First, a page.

The Middle East Eye website gives credence to the rumour of yet another plot centred on Dahlan. It asserts that Egypt, Jordan and the UAE have been liaising in a plan for Dahlan to be the next head of the Palestinian Authority and maintains that Hamas is prepared to put aside its long history of hostility to Dahlan (when he was head of security in Gaza in 1995-2000, he had hundreds of Hamas members arrested for undertaking armed operations against Israel).
Sights set on power
The planned post-Mahmoud Abbas era would leave Dahlan, his arch-rival, in control of the Palestinian presidency, the PLO and the PA. It was reported that the UAE had held talks with Israel about the strategy to install Dahlan and that the three principals would inform Saudi Arabia once they reached an agreement on its final shape.
On June 24 Khaled Meshaal, the head of Hamas′ political bureau, held a press conference in his hotel in Doha. ″There is a regional plot,″ he announced, ″to parachute someone from the outside to rule Gaza and Ramallah.″ The journalists present understood that he was referring to Mohammed Dahlan. Ever since Avigdor Liberman was appointed Israel′s new defence minister on 30 May, rumours had been spreading about the plan – or is it conspiracy? – to have Dahlan anointed as Palestine′s next leader.
According to Palestinian and Israeli sources, in January 2015, Liberman, who was then serving as the foreign minister, secretly met with Dahlan in Paris to discuss ″Palestinian Authority affairs.″ The mere suggestion of a Liberman-Dahlan accord — whether true or not — is enough to stigmatise Dahlan and provide his rivals with much ammunition, which they have not hesitated to use.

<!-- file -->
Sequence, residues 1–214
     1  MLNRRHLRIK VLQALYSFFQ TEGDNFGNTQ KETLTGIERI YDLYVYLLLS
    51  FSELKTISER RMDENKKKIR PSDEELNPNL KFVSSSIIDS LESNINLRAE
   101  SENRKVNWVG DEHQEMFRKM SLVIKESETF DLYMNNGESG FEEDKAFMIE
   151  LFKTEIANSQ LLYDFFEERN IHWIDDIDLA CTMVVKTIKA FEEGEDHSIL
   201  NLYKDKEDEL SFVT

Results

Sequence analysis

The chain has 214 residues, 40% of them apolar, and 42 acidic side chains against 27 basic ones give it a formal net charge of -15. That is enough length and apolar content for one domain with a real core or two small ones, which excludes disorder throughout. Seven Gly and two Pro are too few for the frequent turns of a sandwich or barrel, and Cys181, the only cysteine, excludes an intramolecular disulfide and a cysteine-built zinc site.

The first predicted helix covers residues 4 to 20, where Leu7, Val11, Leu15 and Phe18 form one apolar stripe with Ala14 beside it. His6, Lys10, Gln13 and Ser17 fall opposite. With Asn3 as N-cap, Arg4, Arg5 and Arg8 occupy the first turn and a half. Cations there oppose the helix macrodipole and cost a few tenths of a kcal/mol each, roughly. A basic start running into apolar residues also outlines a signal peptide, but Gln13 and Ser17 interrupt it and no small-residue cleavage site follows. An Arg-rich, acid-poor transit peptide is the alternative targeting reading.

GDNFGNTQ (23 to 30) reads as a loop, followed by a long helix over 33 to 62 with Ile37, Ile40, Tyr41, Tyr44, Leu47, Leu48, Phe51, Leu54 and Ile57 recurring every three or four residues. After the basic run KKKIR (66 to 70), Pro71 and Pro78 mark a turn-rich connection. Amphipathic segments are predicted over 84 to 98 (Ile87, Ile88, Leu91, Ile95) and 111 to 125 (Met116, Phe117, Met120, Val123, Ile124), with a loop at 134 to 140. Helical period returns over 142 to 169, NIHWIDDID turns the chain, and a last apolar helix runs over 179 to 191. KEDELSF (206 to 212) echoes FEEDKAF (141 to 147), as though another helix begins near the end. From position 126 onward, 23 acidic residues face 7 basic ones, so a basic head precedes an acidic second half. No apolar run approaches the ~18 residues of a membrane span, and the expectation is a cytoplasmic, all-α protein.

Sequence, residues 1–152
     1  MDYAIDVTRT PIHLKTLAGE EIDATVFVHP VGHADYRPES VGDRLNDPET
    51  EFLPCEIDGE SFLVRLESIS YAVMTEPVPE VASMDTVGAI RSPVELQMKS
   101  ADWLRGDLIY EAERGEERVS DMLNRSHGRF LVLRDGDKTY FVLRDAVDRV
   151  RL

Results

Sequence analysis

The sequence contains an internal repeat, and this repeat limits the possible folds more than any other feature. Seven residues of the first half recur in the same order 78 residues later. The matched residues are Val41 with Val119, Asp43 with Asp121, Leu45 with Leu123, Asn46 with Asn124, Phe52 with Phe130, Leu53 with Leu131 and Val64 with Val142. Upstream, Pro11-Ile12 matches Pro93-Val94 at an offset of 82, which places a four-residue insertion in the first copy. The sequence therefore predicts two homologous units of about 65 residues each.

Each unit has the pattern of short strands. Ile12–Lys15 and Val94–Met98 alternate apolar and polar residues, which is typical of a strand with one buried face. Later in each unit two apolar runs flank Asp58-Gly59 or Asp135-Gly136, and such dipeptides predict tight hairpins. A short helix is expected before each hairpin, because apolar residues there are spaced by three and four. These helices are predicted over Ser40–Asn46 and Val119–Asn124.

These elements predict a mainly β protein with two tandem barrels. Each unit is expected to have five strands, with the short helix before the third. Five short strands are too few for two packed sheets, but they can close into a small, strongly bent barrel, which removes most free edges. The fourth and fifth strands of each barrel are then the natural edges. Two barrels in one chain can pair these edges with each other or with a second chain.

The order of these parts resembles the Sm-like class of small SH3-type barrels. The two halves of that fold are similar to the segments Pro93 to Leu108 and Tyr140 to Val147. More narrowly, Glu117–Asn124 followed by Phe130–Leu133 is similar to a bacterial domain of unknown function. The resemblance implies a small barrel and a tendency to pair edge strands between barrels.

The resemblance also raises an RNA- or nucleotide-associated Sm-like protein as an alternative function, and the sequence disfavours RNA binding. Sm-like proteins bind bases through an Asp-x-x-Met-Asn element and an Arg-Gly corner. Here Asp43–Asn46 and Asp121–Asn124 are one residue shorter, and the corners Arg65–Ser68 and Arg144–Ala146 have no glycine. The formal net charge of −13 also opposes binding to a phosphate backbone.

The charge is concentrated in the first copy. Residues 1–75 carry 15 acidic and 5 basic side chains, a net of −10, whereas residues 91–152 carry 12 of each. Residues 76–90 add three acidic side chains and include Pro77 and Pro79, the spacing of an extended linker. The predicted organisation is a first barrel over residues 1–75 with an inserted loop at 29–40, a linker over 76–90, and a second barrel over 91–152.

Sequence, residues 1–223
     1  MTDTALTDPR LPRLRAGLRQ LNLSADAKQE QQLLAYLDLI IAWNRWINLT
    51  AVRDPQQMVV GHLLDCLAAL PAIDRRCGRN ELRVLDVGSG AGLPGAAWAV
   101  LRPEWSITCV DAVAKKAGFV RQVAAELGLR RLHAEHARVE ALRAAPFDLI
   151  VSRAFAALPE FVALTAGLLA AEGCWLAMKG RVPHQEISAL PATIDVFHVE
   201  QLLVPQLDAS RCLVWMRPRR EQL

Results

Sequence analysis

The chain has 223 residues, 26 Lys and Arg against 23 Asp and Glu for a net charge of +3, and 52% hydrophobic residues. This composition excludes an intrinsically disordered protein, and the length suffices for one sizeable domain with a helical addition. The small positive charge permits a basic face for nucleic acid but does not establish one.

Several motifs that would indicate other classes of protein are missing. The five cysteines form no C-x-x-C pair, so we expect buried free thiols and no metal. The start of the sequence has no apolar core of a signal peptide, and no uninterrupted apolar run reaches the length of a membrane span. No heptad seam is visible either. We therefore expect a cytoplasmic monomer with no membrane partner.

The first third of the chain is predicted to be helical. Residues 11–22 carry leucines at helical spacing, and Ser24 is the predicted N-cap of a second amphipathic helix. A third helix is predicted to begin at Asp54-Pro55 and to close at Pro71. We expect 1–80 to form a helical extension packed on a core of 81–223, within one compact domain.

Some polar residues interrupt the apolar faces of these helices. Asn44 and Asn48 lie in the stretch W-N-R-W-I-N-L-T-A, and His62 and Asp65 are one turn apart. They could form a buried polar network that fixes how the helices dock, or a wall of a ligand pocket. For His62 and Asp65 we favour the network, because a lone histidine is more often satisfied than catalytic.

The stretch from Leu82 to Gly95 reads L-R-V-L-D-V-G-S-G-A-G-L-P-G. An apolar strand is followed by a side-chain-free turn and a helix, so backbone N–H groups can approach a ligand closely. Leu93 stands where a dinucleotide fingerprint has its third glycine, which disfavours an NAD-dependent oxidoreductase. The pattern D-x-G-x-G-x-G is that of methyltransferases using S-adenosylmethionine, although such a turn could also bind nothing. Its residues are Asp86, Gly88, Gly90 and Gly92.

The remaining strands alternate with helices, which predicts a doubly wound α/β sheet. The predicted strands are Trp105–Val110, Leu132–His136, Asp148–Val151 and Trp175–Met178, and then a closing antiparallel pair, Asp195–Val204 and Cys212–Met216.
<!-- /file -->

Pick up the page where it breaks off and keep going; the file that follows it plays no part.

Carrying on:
In Gaza Dahlan′s relations with Hamas have improved remarkably, thanks to the close ties he has fostered with Egyptian President Abdul Fattah al-Sisi. The leaders of the Gaza-based movement had hoped that Dahlan would help them mend fences with Sisi. They also welcomed the infusion of money from the Dahlan Foundation in the Gaza Strip aimed at promoting projects and helping the needy. Hamas leaders in Gaza cannot afford to reject generous financial aid, even if Dahlan is the sponsor. It is obvious that these national projects bolster and cement his chances of achieving the leadership of the Palestinian political machine.
In a clinch with Fatah
Dahlan′s toughest obstacle is the Fatah establishment. In June 2011 Dahlan was expelled from Fatah′s ruling body following allegations of financial corruption and murder – Abbas accused him of murdering the late Palestinian leader, Yasser Arafat. Dahlan was tried by the PA in absentia on corruption charges.
But Dahlan now has support from a new Fatah leadership commission, which appears to be diverging radically from established Fatah antagonism to him. On 25 July senior Fatah leaders in Gaza were reported to have accused the new commission of taking decisions in favour of Dahlan that reinforces his grip on the movement against Mahmoud Abbas. In a letter sent to Abbas, they dubbed this a kind of insurgency and warned of the ″full collapse″ of the organisational frame of Fatah that started when the current leadership commission took office. The Fatah leaders who wrote the letter accused the commission of connection with outside powers and serving external agendas.
Do Dahlan′s strengths overcome his weaknesses in this bid to succeed Abbas – if indeed it is, as rumour has it, a serious bid backed by formidable outside interests? The forthcoming regional elections to be held in the West Bank and Gaza may provide a valuable indication of Dahlan ′s political future.
© MPC Journal 2016